Aren't spelling fascists actually spelling anarchists?
This whole blog is about changing, shifting paradigms, reforming things. Yet, it seems humans are deeply reluctant to do so. Change is stress, granted, but avoiding change can be stress too! Case in point?
Take the 2011 Japanese tsunami. A recent report by a panel on the accident that the nuclear issues could have been prevented had a shift in the way Japanese manage things had happened.
"After 900 hours of hearings and 1100 interviews over a six-month period, the Fukushima Nuclear Accident Independent Investigation Commission – chaired by Kiyoshi Kurokawa, an academic fellow at Tokyo's National Graduate Institute for Policy Studies – said that the accident was 'a profoundly man-made disaster that could and should have been foreseen and prevented'."
'The Kurokawa report's biggest criticism is reserved for what it calls "the Japanese mindset" that meant the disaster was very much "made in Japan". The disaster's "fundamental causes are to be found in the ingrained conventions of Japanese culture: our reflexive obedience; our reluctance to question authority," Kurokawa says.'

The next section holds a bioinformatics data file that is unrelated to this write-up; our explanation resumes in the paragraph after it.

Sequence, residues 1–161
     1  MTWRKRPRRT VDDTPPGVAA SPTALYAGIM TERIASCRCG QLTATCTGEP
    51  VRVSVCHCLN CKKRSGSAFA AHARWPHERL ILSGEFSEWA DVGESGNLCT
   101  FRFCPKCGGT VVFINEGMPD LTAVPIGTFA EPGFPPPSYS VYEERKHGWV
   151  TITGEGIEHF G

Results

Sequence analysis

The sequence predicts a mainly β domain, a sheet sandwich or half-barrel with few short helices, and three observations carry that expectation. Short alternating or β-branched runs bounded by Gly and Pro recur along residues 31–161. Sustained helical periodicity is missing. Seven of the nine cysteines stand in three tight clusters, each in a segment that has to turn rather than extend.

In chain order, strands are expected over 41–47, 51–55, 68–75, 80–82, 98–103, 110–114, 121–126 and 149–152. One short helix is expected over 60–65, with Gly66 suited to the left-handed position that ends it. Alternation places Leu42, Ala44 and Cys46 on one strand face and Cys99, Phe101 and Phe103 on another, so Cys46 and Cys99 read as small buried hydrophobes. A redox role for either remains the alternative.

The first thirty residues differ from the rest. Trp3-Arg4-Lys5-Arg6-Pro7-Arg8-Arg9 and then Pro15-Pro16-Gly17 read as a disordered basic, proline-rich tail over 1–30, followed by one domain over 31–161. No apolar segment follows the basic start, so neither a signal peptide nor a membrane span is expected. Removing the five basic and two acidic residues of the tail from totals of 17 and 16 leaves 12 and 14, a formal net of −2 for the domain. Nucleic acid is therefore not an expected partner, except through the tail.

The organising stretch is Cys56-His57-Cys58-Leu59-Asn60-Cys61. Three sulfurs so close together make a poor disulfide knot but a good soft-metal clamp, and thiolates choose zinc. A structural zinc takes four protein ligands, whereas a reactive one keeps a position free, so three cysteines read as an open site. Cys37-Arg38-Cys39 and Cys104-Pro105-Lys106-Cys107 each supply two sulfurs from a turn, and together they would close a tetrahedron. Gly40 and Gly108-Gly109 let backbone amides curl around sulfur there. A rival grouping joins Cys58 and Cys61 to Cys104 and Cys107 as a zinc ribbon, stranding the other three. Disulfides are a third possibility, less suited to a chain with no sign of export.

But, this is not new! Korean airlines (as explained in "the Ethnic theory of plane crash" in Outliers by Malcom Gladwell) had to go through the same cycle of disasters to eventually get to the paradigm shift. Korean airlines used to have the worst airplane crash records and now that the change has taken place, it is among the best and safest airlines in the world! Sadly, had Japan (and its nuclear industry) learned from the Korean shift, it is likely that there would not have been a nuclear disaster like there was one at the time of the tsunami! The Korean's airplane industry shift took place about 10 years ago! Change is slow. Old habits die hard! Cultural legacies can have profound effects on people! It seems it takes great leadership and perhaps a disaster or two for people to embrace change because, it is not until that people see the true effect of the legacy of their culture that they can change it!
I imagine that many English-speakers are very proud to be English-speakers, very proud of their language, and/or very proud of belonging to the Commonwealth. For some messing with the language amounts to suicide: a cultural suicide!